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(Free Jazz) Revolutionary Ensemble - The Psyche - 2002, FLAC (tracks+.cue), lossless

Revolutionary Ensemble - The Psyche
Жанр: Free Jazz
Страна-производитель диска: USA
Год издания: 2002
Издатель (лейбл): Mutable Music
Номер по каталогу: 17514-2
Аудиокодек: FLAC (*.flac)
Тип рипа: tracks+.cue
Битрейт аудио: lossless
Продолжительность: 47:13
Источник (релизер): собственный рип с оригинального диска.
Наличие сканов в содержимом раздачи: да
01. Invasion 26:16
02. Hu-man 7:58
03. Collegno 12:48
Лог создания рипа
Exact Audio Copy V1.0 beta 3 from 29. August 2011
EAC extraction logfile from 14. October 2012, 8:15
Revolutionary Ensemble / The Psyche
Used drive : TSSTcorpCDDVDW SH-S222A Adapter: 1 ID: 0
Read mode : Secure
Utilize accurate stream : Yes
Defeat audio cache : Yes
Make use of C2 pointers : No
Read offset correction : 6
Overread into Lead-In and Lead-Out : No
Fill up missing offset samples with silence : Yes
Delete leading and trailing silent blocks : No
Null samples used in CRC calculations : Yes
Used interface : Native Win32 interface for Win NT & 2000
Gap handling : Appended to previous track
Used output format : User Defined Encoder
Selected bitrate : 896 kBit/s
Quality : High
Add ID3 tag : No
Command line compressor : C:\Tool\CD\EAC10\FLAC\FLAC.EXE
Additional command line options : -8 -V -T "ARTIST=%artist%" -T "TITLE=%title%" -T "ALBUM=%albumtitle%" -T "DATE=%year%" -T "TRACKNUMBER=%tracknr%" -T "GENRE=%genre%" -T "PERFORMER=%albuminterpret%" -T "COMPOSER=%composer%" %haslyrics%--tag-from-file=LYRICS="%lyricsfile%"%haslyrics% -T "ALBUMARTIST=%albumartist%" -T "ALBUM ARTIST=%albumartist%" -T "DISCNUMBER=%cdnumber%" -T "TOTALDISCS=%totalcds%" -T "TOTALTRACKS=%numtracks%" -T "COMMENT=EAC V1.0 beta 3, Secure Mode, Test & Copy, AccurateRip, FLAC -8" %source% -o %dest%
TOC of the extracted CD
Track | Start | Length | Start sector | End sector
1 | 0:00.00 | 26:21.67 | 0 | 118641
2 | 26:21.67 | 8:02.21 | 118642 | 154812
3 | 34:24.13 | 12:48.71 | 154813 | 212483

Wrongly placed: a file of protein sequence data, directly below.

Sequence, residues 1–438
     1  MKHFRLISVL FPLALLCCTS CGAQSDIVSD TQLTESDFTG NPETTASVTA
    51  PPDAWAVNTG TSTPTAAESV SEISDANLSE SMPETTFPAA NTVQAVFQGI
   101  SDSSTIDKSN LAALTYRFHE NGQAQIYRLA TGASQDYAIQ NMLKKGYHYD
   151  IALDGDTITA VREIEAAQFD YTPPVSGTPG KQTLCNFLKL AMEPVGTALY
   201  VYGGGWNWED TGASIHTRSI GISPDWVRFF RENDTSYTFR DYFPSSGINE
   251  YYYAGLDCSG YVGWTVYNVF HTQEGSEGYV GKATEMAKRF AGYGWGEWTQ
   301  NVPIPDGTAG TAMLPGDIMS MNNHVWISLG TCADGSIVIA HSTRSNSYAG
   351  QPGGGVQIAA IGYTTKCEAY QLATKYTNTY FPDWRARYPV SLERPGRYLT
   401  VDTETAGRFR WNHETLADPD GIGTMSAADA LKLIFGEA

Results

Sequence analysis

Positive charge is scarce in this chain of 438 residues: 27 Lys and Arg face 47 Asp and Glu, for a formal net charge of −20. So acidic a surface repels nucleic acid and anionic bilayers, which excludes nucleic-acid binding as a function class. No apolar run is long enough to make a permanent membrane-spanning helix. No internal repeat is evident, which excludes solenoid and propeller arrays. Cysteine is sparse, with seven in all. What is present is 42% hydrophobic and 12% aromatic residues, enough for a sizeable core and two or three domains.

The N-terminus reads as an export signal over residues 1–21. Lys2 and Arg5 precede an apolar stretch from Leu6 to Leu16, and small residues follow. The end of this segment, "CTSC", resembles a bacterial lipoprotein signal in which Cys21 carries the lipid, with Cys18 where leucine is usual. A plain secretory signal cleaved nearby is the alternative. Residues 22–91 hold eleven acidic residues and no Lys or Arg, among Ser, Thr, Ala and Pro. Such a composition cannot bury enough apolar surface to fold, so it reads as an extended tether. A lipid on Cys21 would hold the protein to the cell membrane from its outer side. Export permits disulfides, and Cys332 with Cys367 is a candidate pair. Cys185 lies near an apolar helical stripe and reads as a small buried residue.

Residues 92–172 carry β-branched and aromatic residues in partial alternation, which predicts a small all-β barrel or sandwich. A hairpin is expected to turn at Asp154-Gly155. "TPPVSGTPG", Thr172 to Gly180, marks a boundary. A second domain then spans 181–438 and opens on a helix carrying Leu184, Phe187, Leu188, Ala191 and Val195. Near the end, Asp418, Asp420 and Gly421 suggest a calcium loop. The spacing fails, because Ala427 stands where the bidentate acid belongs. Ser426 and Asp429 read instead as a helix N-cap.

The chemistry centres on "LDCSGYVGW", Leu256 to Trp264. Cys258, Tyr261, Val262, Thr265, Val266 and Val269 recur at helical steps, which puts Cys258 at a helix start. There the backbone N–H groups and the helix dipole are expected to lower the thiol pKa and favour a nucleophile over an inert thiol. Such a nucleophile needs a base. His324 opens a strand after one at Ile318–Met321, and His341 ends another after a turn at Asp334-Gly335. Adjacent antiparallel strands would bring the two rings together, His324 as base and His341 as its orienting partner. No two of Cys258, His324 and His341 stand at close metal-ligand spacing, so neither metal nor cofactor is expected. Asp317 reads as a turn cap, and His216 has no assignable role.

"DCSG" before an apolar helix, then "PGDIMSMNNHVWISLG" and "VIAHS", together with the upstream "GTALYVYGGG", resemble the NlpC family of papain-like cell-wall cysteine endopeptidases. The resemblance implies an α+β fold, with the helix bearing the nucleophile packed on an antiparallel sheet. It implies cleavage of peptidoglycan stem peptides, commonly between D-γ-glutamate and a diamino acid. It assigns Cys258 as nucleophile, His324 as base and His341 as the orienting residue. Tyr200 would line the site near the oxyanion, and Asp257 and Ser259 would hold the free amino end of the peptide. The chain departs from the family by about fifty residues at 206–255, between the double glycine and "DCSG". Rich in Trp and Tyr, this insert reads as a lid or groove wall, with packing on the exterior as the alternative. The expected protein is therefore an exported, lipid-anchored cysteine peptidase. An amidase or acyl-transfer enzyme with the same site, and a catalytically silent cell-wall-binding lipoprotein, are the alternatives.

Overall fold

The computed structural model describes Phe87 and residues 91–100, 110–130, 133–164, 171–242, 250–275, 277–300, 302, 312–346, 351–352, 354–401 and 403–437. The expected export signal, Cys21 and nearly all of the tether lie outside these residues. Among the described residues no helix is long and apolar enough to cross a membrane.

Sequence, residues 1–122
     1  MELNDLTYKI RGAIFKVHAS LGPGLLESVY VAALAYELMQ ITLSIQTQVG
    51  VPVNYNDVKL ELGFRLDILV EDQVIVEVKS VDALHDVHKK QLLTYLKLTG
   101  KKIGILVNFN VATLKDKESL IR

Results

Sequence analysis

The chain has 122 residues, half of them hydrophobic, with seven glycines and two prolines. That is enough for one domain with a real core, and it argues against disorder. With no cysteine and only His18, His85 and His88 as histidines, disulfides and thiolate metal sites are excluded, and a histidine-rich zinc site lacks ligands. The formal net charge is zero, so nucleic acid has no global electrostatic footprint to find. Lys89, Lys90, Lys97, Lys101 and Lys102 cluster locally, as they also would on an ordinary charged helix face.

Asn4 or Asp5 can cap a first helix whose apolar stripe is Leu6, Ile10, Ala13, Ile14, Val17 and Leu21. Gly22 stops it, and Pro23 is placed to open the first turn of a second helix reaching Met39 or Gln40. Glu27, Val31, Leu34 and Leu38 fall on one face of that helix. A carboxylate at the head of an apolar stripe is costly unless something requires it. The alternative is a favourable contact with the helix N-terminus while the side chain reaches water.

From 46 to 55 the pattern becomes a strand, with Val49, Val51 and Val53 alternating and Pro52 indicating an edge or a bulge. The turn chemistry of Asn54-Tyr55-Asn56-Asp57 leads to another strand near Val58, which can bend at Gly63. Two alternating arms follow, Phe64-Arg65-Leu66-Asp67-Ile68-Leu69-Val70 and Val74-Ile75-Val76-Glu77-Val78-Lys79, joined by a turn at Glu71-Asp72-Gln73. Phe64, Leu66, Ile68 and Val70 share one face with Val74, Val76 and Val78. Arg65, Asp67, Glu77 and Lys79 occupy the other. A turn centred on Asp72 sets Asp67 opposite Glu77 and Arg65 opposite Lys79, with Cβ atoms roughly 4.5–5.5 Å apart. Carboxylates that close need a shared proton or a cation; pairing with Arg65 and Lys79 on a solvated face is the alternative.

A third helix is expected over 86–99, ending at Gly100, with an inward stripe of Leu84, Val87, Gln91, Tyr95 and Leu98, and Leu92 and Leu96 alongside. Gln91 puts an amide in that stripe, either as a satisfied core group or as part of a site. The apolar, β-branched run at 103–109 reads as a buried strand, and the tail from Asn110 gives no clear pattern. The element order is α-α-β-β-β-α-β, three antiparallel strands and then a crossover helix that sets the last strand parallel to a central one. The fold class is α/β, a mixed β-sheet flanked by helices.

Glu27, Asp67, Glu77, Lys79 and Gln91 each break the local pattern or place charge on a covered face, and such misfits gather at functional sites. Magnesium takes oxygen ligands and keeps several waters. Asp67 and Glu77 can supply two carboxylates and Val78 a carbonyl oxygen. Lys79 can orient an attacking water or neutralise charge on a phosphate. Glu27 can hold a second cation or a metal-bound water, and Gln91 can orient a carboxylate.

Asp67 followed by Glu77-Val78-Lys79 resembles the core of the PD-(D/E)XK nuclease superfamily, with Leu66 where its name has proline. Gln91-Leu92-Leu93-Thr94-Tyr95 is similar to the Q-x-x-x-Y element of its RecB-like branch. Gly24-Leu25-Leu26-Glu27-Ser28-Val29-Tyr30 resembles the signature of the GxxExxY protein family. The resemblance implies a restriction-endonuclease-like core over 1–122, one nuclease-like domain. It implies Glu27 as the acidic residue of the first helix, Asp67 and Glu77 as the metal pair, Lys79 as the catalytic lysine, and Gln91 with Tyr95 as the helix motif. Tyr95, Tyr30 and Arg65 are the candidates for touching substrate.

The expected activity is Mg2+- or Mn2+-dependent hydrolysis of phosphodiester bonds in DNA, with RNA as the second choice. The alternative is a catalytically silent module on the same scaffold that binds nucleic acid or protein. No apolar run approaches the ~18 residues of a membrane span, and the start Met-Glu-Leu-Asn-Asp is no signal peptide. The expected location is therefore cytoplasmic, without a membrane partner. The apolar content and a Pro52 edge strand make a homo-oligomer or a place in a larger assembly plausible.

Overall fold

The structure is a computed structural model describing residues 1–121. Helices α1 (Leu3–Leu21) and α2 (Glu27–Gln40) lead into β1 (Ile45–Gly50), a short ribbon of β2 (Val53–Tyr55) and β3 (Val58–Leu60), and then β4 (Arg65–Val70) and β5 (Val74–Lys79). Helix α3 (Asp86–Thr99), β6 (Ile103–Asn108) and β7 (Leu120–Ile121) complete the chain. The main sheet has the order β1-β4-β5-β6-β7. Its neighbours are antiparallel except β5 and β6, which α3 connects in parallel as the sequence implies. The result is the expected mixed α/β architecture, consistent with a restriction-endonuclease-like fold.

Track 1
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Pre-gap length 0:00:02.00
Peak level 99.3 %
Extraction speed 2.3 X
Track quality 100.0 %
Accurately ripped (confidence 1) [9A13BFAB] (AR v1)
Copy OK
Track 2
Filename C:\! UPLOAD\Revolutionary Ensemble - The Psyche (2002) [FLAC] {Mutable Music}\02 - Hu-man.wav
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Peak level 98.2 %
Extraction speed 2.2 X
Track quality 100.0 %
Test CRC EC24E933
Copy CRC EC24E933
Accurately ripped (confidence 1) [4585A15A] (AR v1)
Copy OK
Track 3
Filename C:\! UPLOAD\Revolutionary Ensemble - The Psyche (2002) [FLAC] {Mutable Music}\03 - Collegno.wav
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Peak level 99.1 %
Extraction speed 2.1 X
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Accurately ripped (confidence 1) [3006BCB6] (AR v1)
Copy OK
All tracks accurately ripped
No errors occurred
End of status report
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[0b759ffa] (1/1) Accurately ripped
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Содержание индексной карты (.CUE)
REM COMMENT "ExactAudioCopy v1.0b3"
PERFORMER "Revolutionary Ensemble"
TITLE "The Psyche"
FILE "01 - Invasion.wav" WAVE
TITLE "Invasion"
PERFORMER "Revolutionary Ensemble"
INDEX 01 00:00:00
TITLE "Hu-man"
PERFORMER "Revolutionary Ensemble"
INDEX 00 26:16:74
FILE "02 - Hu-man.wav" WAVE
INDEX 01 00:00:00
TITLE "Collegno"
PERFORMER "Revolutionary Ensemble"
INDEX 00 07:58:71
FILE "03 - Collegno.wav" WAVE
INDEX 01 00:00:00
Доп. информация:
Reissue of RE: Records RE 3117 LP.
Liner notes by John Litweiler, November 2003
In 1970 the idea of revolution was everywhere - the raging war in VietNam, the desperate antiwar protests that erupted, the ongoing civil rights revolution, and the jazz revolution. In New York City, the center of the jazz world, the free jazz scene - "outside" jazz, underground jazz, the avant garde - was highly active. Inflamed by a decade of innovations by the likes of Coleman, Taylor, Coltrane, Ayler, rugged individualists roamed the lofts and small clubs, seeking catharsis in playing fast, exhaustive energy music. One night at a popular club drummer-bandleader Sunny Murray introduced his versatile bassist, Sirone, to Leroy Jenkins, who was becoming known as a new violinist in town; almost immediately the two discussed playing together. They soon formed a trio with, briefly, drummer Frank Clayton; later in 1970 another newcomer to New York, drummer Jerome Cooper, joined the two string players to complete the Revolutionary Ensemble.
This group introduced New York to decided musical advances, many pioneered by Chicago's A.A.C.M. musicians. Ex-Chicagoan Jenkins, who played violin, of all unhyeard-of modern jazz instruments, had formed his concept from classical, swing, blues, and modern elements and had been one of the radicals who discovered new concepts of sound, space, and musical relationships in the late 1960s. Cooper had been a somewhat later Chicago explorer, while Sirone's freedom of motion had grown out of work with the most visionary New Yorkers. Extensive rehearsal led this cooperative trio to a shared, free sense of dynamics, momentum, and form, and a wholly unique sound: their instrumental recombinations yielded a surprising variety of textures and colors. Most of all, these highly sophisticated personalities played together to create an ensemble music even larger than the sum of its parts.